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Cityscapes in Abu Dhabi, UAE

September 30, 2013  •  Leave a Comment

I was fortunate to spend a week or so in the United Arab Emirates (UAE) back in April 2013. My brother (currently) lives in Abu Dhabi with his missus and so I headed out for a well-earned break to visit them. While not my first time in the Middle East, it was my first time in the UAE. I spent the vast majority of my time in Abu Dhabi and a day's visit to Dubai. As this will be a photo-heavy post, I will do one post on Abu Dhabi and the other on Dubai. 

I flew into Abu Dhabi in the middle of a sand storm (see above) and the biggest thunder and lightening storm the region has seen in a long time. I woke up to a sand-covered and sand-enshrouded Abu Dhabi the following morning but thankfully that only lasted 24 hours. The pandemonium caused by the rain signified how one becomes accustomed to certain things in life, such as lack of rain. The earthquake on the 3rd day was the icing on the cake for the trip. I had brought armageddon or armageddon had followed me.

I found Abu Dhabi to be a more relaxed and friendlier city than Dubai. The buildings are less garish and pompous than those in Dubai but they were still incredible. The shopping malls and wealth within them was hard to take or comprehend at times. I was surprised (at least it was unexpected) at the relaxed and quite "liberal" mood within society there. This is comparing the country to my experiences in Egypt (Cairo, Luxor) and Sinai in the early 2000's.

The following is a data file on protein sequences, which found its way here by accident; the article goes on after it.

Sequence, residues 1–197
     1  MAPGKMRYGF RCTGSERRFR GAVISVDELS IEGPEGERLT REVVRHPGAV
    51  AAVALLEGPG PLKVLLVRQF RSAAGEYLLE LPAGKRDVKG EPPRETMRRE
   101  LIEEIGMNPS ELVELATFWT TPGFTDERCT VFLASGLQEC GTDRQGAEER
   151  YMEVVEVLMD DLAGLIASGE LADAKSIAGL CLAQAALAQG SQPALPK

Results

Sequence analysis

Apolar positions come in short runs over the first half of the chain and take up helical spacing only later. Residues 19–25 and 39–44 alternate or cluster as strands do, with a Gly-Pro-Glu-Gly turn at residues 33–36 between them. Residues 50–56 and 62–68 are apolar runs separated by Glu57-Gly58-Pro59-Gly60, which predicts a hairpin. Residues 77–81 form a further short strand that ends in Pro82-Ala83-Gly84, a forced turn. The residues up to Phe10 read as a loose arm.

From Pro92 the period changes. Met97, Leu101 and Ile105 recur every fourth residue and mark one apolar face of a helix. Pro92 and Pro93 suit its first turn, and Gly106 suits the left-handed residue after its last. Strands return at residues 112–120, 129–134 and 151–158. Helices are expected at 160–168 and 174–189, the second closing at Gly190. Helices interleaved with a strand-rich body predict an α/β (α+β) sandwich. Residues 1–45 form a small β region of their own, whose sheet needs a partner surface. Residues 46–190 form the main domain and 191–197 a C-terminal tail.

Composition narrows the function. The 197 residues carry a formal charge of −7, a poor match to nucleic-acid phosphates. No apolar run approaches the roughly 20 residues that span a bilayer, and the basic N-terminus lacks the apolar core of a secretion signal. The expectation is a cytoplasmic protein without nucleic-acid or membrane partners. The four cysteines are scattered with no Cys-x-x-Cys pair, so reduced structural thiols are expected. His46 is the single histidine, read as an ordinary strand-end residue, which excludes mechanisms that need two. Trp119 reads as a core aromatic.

Abu DhabiAbu Dhabi

A view of the marina and largest flag in the world when looking in the direction of downtown Abu Dhabi from the largest mall in Abu Dhabi, the Marina Mall. 

Part of the beachfront of Abu Dhabi (above) along the fantastic Corniche. 

The wealth is quite obvious looking at the cars, boats, types of shops selling high end wares etc. but there was the regular shops as well selling wares for folk not benefitting directly from the oil wealth. Those folk are the non-nationals brought in to work in the service industry, construction, etc. They also work the taxis, which are a crucial way of getting about the city, particularly in the heat of day for an unclimatised Corkman. The taxis are cheap and equivalent to a bus fare here in Irish cities when getting from A to B. The taxi fares in Abu Dhabi are cheaper than the LUAS fares in Dublin for equivalent distances and longer! With fuel at 10c/litre, it is not surprising that cars are cheap to run and hence taxi fares are comparatively very very low. 

Abu DhabiAbu Dhabi

Construction is still ongoing in the city with new buildings popping up here and there. Here are a new set of buildings across from the Emirates Palace Hotel. The hotel is a 7-Star hotel and situated on over 100 hectares of landscaped gardens, and has 1.3 km of private beach (see below and spot the bird if you can). The designs of the new buildings are right out the imaginations of a film set designer. 

The modes of transport in Abu Dhabi range from the humble bicycle to buses bringing cheap labour into the city for the day to top end sports cars. With no road tax to pay and insurance quite cheap (relative to rip-off and litigious Ireland), the cost of fuel at 10c/litre, a lot of big, fast and thirsty cars are affordable to run...if one can afford to buy one of those big, fast and thirsty cars in the first place :)

The person who has put all this in place is the founding father Sheikh Zayed bin Sultan Al Nahyan, who died in 2004. He put a huge emphasis on educating his people and so set up numerous schools, universities and places of research. While the money is there to set this up now, the oil and the revenue that brings won't last for ever. Education and educating the local people is seen as the key to the future of the Emirates.